With influences as eclectic as Beethoven and Japanese art, Wright managed to create cohesive, uniform spaces and buildings that all worked with, instead of against, the nature around them. This philosophy of architecture which promotes harmony between human habitation and the natural world provided the tenants for the “organic architecture” movement. Today, any building’s shape or function that mimics nature is categorized as organic.
One of Wright’s most famous residential creations is his Fallingwater house in southwestern Pennsylvania, seen above. The levels of the house juxtapose each other, creating visual interest without disturbing the surrounding nature.
Those same juxtaposed linear levels are often seen in modern design, in everything from buildings’ exterior structure to the furniture within. You are kidding yourself if you think a building with an organic shape does not catch your eye and make you want to go inside.
Wright’s legacy continues to influence modern design. He changed both the ways we live and build.
“We can easily forgive a child who is afraid of the dark; the real tragedy of life is when men are afraid of the light.”
Plato said that 2,500 years ago. In 2014 we urge you to shed your fears of innovative lighting solutions and bold light and lamp design; 2014 will be the year of the stylish LED.
hanging LED overhead light
We are always speccing lights for clients here at Ourso Designs, and lately we have been captivated by the lights over at Lightology.
this one mimics the classic light bulb shape, the LED bulb is actually inside
We have been encouraging clients to consider LED lights due to their energy efficiency, long lifetimes, and most importantly, their flexibility in design. You will notice that all of the lights we are showcasing in todays blog are radically different designs, and they all use LED lights. At Lightology’s website, you can even order a custom LED soft strip.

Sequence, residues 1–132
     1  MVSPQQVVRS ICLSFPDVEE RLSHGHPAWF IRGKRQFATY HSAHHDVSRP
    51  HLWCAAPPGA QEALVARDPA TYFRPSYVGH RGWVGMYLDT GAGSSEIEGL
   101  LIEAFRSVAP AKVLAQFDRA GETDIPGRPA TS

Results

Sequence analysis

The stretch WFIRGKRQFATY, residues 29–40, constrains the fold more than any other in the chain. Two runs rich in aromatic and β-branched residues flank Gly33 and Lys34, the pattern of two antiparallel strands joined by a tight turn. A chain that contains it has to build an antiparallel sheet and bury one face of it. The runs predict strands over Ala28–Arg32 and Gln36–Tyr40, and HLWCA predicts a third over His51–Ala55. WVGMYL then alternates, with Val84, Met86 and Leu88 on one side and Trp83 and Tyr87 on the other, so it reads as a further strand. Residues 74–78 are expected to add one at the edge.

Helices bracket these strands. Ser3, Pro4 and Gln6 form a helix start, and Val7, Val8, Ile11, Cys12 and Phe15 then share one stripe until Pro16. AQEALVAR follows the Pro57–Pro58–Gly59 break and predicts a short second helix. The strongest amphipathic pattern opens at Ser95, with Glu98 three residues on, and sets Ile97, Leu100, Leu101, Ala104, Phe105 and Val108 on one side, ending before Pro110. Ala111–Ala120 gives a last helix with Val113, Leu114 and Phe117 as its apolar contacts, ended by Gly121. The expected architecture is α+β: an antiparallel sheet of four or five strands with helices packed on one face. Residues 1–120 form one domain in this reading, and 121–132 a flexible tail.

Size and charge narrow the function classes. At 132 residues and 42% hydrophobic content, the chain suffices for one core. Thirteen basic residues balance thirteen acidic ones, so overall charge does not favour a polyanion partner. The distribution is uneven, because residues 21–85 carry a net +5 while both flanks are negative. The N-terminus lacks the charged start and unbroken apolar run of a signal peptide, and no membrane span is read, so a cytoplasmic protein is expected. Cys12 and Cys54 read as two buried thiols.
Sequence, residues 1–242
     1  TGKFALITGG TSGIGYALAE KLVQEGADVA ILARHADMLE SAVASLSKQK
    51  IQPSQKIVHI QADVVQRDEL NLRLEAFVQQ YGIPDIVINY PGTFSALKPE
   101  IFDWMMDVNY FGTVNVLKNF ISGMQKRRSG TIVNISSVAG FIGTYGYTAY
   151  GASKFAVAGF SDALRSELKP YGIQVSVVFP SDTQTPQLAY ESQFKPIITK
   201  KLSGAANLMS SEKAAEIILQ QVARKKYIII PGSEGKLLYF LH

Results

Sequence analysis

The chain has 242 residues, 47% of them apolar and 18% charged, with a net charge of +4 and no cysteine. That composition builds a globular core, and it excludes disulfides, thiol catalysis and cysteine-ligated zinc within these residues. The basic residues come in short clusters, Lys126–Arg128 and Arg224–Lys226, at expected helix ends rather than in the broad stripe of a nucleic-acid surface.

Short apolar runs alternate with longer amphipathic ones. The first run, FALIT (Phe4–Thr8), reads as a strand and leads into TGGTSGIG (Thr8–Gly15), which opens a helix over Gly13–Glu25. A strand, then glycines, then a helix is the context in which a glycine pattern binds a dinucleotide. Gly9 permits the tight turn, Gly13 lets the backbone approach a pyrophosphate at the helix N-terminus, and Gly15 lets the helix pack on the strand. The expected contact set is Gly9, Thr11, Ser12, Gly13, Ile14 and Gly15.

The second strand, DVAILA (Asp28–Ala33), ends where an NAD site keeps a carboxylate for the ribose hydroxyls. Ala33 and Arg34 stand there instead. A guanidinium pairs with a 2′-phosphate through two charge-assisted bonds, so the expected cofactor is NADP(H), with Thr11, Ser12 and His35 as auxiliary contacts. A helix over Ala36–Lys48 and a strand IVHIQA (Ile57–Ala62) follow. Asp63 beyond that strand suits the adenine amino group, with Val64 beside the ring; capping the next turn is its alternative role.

in all shapes and sizes
One of the most interesting part of LED lighting is that the design is not focused centrally around the bulb. The design itself becomes to key feature, while the lights are worked into it.
spinning to infinity
Some of these lights can be pricy, however. This next one is on sale at $111,995!
a costly mobius strip
a space odyssey oddity
These are just some of the awesome designs from Lightology’s website. If you haven’t made the jump to LED lighting yet, think about it. The technology is so flexible that you can find a light design that will fit into any floor plan or design scheme you can dream up.
The Future of Light
Lights have been designed around the light source itself for years. This won’t be happening in the future. You can see this fact reflected in the pictures of lamps and overhead lights above: having a large, roundish bulb attached somewhere to the light being designed is no longer necessary. Now the lights fit into the design, not the other way around; function doesn’t have such a stranglehold on form these days, at least when it comes to light design.